Grep one-liners as CI tasks

Hacker News - Fri Jan 14 20:40

January 8, 2022

The ubiquitous grep utility can go a long way in enforcing simple rules in a codebase. Plenty of options and readable output combined with a smart exit status allow for simple one-liners in your continuous integration setup that are easy to write and maintain.

The other day my team encountered an issue that we wanted to prevent via a CI task. We needed a quick way to ensure that our automated Android release builds would not contain any missing translations. These are typically stored in strings.xml files using <string> XML tags.

This grep command was all we needed to quickly1 find such offenses:

$ grep --recursive --line-number --include=strings.xml '>\(""\| *\)</string>$'

The output reads rather nicely and tells us precisely where the offenses are, also thanks to the additional --line-number option:

./app/src/main/res/values/strings.xml:23:    <string name="some_key"></string>
./app/src/main/res/values-fr/strings.xml:147:    <string name="another_key">""</string>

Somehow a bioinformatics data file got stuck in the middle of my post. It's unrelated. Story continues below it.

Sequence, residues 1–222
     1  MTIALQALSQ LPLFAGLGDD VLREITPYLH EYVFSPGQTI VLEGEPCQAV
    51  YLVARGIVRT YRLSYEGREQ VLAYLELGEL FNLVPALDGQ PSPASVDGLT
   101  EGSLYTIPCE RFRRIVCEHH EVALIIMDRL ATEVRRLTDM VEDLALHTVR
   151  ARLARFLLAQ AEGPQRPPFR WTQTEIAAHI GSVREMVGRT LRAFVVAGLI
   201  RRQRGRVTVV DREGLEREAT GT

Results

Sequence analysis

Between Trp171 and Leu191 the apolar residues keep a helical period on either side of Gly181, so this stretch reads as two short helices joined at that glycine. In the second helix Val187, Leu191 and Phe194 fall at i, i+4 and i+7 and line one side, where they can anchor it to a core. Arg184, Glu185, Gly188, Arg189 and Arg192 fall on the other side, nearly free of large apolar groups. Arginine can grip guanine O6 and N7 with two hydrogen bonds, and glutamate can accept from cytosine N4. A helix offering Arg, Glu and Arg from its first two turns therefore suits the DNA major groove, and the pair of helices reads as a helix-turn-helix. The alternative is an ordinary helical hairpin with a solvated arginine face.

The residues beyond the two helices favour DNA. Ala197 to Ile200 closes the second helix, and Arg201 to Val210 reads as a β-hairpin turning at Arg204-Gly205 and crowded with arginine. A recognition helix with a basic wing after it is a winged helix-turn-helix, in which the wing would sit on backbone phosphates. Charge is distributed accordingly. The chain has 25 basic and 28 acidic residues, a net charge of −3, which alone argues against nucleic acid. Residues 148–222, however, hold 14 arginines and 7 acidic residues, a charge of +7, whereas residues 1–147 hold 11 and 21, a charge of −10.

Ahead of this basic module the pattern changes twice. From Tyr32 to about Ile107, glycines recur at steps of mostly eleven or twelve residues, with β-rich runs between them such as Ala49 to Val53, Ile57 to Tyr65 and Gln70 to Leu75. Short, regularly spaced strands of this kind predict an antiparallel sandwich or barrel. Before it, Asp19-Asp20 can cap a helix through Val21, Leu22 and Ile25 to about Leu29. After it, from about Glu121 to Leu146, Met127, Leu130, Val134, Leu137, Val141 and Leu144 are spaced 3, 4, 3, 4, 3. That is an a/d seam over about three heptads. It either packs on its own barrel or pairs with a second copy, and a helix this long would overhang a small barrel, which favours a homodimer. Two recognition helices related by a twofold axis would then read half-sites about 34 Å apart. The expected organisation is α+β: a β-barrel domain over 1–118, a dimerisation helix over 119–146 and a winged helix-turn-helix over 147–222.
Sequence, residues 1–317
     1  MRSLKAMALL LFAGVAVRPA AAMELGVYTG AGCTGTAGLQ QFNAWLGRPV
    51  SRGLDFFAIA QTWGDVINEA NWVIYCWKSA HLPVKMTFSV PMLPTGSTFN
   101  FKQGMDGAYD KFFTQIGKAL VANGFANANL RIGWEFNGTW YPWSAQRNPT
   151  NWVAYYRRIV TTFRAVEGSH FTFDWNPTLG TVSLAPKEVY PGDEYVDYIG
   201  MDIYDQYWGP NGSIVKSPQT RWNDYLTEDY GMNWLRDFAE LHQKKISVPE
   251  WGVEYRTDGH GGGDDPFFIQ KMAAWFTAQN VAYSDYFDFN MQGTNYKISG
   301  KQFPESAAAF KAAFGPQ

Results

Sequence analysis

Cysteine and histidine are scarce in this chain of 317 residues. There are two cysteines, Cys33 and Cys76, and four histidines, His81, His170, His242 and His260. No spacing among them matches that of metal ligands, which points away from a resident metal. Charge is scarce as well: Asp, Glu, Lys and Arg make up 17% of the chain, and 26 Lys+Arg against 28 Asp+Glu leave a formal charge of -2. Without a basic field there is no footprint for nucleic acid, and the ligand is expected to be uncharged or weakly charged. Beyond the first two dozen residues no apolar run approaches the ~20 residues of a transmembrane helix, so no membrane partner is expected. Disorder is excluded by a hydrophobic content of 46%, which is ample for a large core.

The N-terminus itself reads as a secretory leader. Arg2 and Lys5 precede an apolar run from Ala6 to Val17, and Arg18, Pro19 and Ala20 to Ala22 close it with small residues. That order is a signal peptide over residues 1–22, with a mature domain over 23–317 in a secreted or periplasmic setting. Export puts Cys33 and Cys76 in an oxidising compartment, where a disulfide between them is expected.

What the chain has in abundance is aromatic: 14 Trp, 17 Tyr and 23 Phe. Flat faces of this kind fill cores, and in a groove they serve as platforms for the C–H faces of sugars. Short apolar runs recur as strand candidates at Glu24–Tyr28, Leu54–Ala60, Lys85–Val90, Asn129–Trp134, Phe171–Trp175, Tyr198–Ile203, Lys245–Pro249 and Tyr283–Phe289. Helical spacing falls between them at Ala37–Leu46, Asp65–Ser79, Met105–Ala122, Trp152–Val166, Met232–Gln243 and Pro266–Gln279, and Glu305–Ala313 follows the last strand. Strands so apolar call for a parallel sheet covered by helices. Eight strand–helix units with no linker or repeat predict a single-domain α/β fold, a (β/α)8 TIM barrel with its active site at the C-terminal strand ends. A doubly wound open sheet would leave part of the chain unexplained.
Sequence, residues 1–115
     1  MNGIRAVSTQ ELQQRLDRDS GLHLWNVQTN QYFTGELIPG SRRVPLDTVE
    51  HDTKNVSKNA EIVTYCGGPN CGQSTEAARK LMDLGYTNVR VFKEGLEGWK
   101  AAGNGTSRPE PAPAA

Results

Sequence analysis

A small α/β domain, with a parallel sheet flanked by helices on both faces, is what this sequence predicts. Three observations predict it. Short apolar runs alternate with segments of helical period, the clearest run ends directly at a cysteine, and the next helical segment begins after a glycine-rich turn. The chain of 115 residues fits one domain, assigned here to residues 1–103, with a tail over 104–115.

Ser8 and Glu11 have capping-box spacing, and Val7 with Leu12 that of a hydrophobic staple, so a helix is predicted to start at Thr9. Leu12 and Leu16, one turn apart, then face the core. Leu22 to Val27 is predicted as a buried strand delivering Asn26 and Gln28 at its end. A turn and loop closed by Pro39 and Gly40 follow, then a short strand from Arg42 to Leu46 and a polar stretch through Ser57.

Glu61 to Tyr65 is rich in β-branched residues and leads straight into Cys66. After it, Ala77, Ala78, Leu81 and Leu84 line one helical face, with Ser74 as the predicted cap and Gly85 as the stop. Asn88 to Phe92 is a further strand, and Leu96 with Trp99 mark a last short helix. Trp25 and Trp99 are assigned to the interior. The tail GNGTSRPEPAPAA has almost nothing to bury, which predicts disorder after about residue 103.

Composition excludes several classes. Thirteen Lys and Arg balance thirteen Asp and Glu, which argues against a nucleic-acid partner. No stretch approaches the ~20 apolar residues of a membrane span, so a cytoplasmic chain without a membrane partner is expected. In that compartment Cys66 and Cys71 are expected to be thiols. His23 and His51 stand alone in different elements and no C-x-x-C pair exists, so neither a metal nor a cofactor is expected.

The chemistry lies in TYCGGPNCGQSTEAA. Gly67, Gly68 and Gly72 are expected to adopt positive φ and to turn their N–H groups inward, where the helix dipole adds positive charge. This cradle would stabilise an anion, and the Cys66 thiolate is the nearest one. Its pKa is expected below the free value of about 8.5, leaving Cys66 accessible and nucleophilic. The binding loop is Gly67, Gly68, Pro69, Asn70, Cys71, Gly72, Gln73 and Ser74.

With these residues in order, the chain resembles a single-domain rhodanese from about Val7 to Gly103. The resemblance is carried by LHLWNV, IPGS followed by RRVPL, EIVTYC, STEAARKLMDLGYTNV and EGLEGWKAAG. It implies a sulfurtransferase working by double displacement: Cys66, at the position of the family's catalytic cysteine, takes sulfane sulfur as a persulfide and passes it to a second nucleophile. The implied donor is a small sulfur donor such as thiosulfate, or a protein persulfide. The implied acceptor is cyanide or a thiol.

A cool thing about grep is that it has a smart exit status. From GNU grep’s man page:

Normally the exit status is 0 if a line is selected, 1 if no lines were selected, and 2 if an error occurred.

Thus, as long as we have offenses we get an exit status 0, denoting success. Once we fix the offenses no lines will be matched by grep and the exit status will be 1, denoting that it was unsuccessful.

Since we want to fail the CI task in our grep one-liner, we need to invert this exit status. Thus, when no offenses are found, we need to exit with 0, otherwise with 1.

Shell script allows a pipeline of one or more commands such as cmdA or cmdA | cmdB to be prefixed with a ! (followed by a space), i.e. ! cmdA or ! cmdA | cmdB. This alters the exit status as described in the Shell Command Language reference:

If the pipeline does not begin with the ! reserved word, the exit status shall be the exit status of the last command specified in the pipeline. Otherwise, the exit status shall be the logical NOT of the exit status of the last command. That is, if the last command returns zero, the exit status shall be 1; if the last command returns greater than zero, the exit status shall be zero.

Thus, to get the desired inverted exit status for our CI task we just need to prefix grep with !.

If we want to additionally print a success message when no offenses where found, we can do so with an echo "message" which we combine with a logical && operator.

Equipped with this knowledge, we conclude with a generic one-liner that fails the task in case offenses are found and prints a success message otherwise:

! grep [option...] [patterns] [file...] && echo "No offenses found"